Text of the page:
AMAC Exclusive – By Aaron Flanigan
A new report from the Daily Caller says that Democrats are spending almost three times more money than Republicans in the special election for the seat that GOP Rep. George Santos left vacant. The special election is on February 13, only a few weeks away. This news is another worrying sign that Republicans are not paying enough attention to special elections that could give Democrats a House majority before the November general election even happens.
The GOP has long neglected to invest the effort, money, and resources needed to win in important special elections—often all but giving up and letting the Democrat Party machine overpower conservatives with more spending, more organizing, and ultimately more votes.
This year, rectifying that problem has become even more urgent as the Republican House majority is on the line in special elections—and there is little room for error. House Republicans already held the 5th-smallest majority in U.S. history when they took the gavel in January 2023 at just nine seats. But now, as The New York Times reported on January 16, health issues and the resignations of several GOP members have left Speaker Mike Johnson in serious danger of not being able to cobble together an absolute majority, and created the possibility that Democrats could even reclaim control of the House before next January.
Perhaps the most imperative special election for Republicans this year falls on February 13, when voters from New York’s 3rd congressional district will vote to fill the seat of former Rep. George Santos, who was expelled from Congress last December by a vote of the House of Representatives.
In November 2022, Santos won the seat by a margin of 7.6 points, with 53.8 percent of the vote. However, the district also voted for Biden over Trump in 2020—making the February race a major bellwether that could make or break Republicans’ slim majority.
“New York is the absolute epicenter of the fight for the House majority,” a Democrat strategist said of the looming February showdown. “It will very likely be determined in New York.”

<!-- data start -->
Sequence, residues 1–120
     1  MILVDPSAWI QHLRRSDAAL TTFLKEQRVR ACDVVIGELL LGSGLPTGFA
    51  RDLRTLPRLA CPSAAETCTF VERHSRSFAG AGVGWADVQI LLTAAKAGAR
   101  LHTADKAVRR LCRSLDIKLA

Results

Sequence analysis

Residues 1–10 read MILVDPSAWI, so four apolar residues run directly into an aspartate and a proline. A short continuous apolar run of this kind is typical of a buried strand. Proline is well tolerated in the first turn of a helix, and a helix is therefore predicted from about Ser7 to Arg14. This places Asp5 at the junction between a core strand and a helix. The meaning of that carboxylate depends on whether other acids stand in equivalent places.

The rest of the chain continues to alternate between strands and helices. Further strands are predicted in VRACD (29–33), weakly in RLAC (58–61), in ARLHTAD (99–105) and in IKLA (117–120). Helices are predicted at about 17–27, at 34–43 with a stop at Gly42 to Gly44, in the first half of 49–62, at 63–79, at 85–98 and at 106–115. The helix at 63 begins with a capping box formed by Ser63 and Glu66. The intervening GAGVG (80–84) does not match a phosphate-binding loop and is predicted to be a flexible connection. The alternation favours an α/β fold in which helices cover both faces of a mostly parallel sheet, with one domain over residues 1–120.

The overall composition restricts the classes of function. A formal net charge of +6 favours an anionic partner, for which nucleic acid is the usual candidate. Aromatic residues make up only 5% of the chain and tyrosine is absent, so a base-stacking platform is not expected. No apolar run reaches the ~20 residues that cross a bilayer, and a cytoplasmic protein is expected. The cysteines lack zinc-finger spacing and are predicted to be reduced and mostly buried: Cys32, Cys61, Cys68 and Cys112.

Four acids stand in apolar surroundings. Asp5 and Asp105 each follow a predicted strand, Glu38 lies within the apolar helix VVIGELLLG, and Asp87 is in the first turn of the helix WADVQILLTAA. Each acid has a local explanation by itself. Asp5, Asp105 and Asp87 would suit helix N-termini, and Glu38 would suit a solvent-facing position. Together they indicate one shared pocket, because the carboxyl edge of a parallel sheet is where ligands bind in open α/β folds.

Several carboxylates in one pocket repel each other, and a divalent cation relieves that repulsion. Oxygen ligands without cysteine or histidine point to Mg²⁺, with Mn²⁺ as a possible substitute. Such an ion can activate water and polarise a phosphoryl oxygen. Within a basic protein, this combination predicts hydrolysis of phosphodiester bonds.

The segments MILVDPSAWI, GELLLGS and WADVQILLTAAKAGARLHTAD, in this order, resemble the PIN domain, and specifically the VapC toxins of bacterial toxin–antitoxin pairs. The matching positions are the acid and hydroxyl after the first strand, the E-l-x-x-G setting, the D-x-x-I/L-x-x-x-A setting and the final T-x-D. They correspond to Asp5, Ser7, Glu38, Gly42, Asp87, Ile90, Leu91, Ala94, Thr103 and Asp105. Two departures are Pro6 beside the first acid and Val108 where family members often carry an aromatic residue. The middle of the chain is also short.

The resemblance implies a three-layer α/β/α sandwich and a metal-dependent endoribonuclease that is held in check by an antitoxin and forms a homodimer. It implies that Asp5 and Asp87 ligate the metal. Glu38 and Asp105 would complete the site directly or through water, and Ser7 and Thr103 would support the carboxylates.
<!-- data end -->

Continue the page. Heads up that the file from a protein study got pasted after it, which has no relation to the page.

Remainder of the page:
In the special election, Republican Mazi Melesa Pilip, an Israeli-American Nassau County legislator, will square off against former Democrat Congressman Tom Suozzi, who served in Congress from 2017 to 2023 before losing his seat to Santos.
While in Congress, Suozzi established himself as a far-left radical who voted in support of legislation like the so-called “For the People Act,” which would have resulted in a complete federal takeover of the election process, the extreme anti-religious liberty “Equality Act,” and all of Joe Biden’s massive spending packages. The prospect of his return to the U.S. Capitol—especially at a time when the House majority is up for grabs—should be of grave concern to every New York conservative. The GOP has no excuse to stand by and allow the seat to fall into Democrat hands.
Another crucial special election, this one slated for May 21, will determine who will fill the seat previously occupied by former Speaker of the House Kevin McCarthy, which he held from 2007 up until his retirement at the end of 2023 in California’s 20th congressional district. Though McCarthy’s district is considered to be safely red, GOP leadership should by no means take it for granted. Following the district’s primary race in March, conservative leaders should do everything in their power to ensure McCarthy’s seat is not forfeited to a California leftist through neglect or underinvestment.
The other two special elections scheduled for this year will likely be far less competitive. On June 11, voters in Ohio’s 6th congressional district—a conservative safe haven—will vote to replace the seat of retiring Republican Rep. Bill Johnson. Later in the year, New York’s solidly blue 26th congressional district will also select the successor to Democrat Rep. Brian Higgins, who is set to retire this winter.
Nonetheless, the GOP should treat every special election this year with the seriousness it unquestionably deserves. For the last several years, Democrats have seismically outperformed Republicans in vital special elections—including in red and purple districts and states that have historically swung for Trump and other Republicans.
According to an article from ABC News in August 2023, “analysis from FiveThirtyEight found that in 38 special elections held so far this year, Democrats have outperformed the partisan lean—or the relative liberal or conservative history—of the areas where the races were held by an average of 10%, both romping in parts of the country that typically support the party while cutting down on GOP margins in red cities and counties, too.” Last year in particular, conservatives were hardest hit in states like Wisconsin, New Hampshire, Virginia, and Ohio in special elections.
If the Republican Party establishment hopes to regain the confidence of its voters, it must make every effort to win these special elections. Key conservative legislation, as well as the Biden impeachment inquiry and other Republican priorities, hang in the balance.
Although it would be entirely in character for GOP leadership to indifferently surrender its majority just months away from a vital presidential election, this time, passivity is not an option—and party leaders should understand that voters will be paying attention.
Aaron Flanigan is the pen name of a writer in Washington, D.C.